The almost two-year-old Insider Reports mutual fund is also struggling. During the last 12 months (ending March 31), the fund fell 1.4 percent while the average growth fund rose 18.22 percent, according to Lipper Analytical Services.
Defenders of the technique contend that the system works best in the secondary stocks, which have until recently lagged behind the broader market. Or perhaps the information has become so widespread that this strategy is losing its effectiveness.
Or perhaps the technique needs more refining. Richard A. Horowitz of the Dallas-based Insider Edge, an advisory service exclusively for money managers, says most insider data sold to individual investors lack the kind of sophisticated analysis to make them worthwhile.
For instance, insider selling has been ``heavy'' in Du Pont and Westinghouse. On the face of it, that might be a cautionary sign. But based on Mr. Horowitz's stock-by-stock historical data base of insider selling, current levels are entirely ``normal.''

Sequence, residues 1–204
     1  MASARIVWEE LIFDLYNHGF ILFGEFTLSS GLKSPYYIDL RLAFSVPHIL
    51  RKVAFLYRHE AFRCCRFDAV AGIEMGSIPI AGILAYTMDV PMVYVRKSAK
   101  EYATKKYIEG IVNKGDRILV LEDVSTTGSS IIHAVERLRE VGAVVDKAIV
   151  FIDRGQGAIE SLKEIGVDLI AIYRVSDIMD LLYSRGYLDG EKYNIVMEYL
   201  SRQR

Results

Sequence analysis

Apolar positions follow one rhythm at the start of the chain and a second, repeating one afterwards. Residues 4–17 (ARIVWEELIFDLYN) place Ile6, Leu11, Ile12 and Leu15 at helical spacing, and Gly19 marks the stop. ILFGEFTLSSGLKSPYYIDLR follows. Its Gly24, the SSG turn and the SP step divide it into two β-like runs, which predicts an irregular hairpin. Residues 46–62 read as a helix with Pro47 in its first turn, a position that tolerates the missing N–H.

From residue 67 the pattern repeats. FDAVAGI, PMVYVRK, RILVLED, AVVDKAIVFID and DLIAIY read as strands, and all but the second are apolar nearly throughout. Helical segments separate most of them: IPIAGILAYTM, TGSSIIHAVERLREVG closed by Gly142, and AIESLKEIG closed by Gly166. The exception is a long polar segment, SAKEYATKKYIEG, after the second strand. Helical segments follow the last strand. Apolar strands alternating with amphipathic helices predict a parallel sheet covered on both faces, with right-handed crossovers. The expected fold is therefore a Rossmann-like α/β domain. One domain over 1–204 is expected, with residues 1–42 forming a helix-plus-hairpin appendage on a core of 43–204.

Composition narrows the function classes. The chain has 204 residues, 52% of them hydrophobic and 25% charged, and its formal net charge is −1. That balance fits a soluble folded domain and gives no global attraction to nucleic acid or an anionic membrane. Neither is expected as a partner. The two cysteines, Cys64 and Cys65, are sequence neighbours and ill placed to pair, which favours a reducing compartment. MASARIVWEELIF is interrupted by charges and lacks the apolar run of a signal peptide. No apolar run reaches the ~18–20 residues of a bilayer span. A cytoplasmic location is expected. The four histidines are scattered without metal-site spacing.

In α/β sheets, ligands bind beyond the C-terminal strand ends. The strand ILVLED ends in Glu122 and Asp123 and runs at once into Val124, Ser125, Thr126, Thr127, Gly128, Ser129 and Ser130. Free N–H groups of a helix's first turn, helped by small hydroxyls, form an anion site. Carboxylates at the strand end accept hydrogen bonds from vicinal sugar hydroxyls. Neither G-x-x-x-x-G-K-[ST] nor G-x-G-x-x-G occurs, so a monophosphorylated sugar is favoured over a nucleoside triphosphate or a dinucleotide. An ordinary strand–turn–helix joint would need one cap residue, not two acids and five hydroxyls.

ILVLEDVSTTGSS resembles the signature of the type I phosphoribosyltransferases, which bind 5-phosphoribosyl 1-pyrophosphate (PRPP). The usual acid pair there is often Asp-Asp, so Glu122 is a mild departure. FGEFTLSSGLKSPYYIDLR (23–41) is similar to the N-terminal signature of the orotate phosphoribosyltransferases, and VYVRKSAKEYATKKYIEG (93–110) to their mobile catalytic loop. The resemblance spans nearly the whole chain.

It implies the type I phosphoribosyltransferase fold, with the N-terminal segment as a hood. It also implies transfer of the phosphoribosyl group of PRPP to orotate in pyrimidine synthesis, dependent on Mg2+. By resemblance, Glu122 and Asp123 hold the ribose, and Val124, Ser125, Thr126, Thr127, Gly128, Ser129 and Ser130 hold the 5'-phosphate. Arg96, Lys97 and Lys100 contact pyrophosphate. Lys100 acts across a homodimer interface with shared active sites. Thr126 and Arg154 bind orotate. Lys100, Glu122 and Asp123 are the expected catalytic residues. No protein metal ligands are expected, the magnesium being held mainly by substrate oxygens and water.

If tracking insiders still intrigues you as an investment strategy, there are a number of things to keep in mind.
News of trading by insiders may be old by the time you get it. Until recently, insiders have been rather lax about reporting. However, the SEC ``is going after insiders that consistently file late,'' says Gabele. And the federal crackdown on Wall Street seems to have triggered a marked increase in ``amendments,'' or corrections to previous filings, says Gabele.
If the data are old, then the stock may have moved too high to make them worthwhile. The Insider Reports mutual fund won't buy if the stock has jumped more than 25 percent over the insider's purchase price.
But Michael Reid of Insider Indicator says waiting for pricing strength may be a better strategy. ``Insiders tend to be too early, they [often unsuccessfully] bottom fish.''
The most relevant buy signal tends to be heavy, consistent buying by insiders. The more insiders who are buying the merrier. Advisers typically don't recommend a stock until three or four inside purchases have been made over a span of six to nine months.
But watch for disinformation. New directors or officers may buy a few hundred shares just to signal their commitment to the company. Likewise, some insiders buy out of bravado when the company is actually foundering. It's rare, but the goal is to manipulate the press and shareholders into thinking the situation is improving.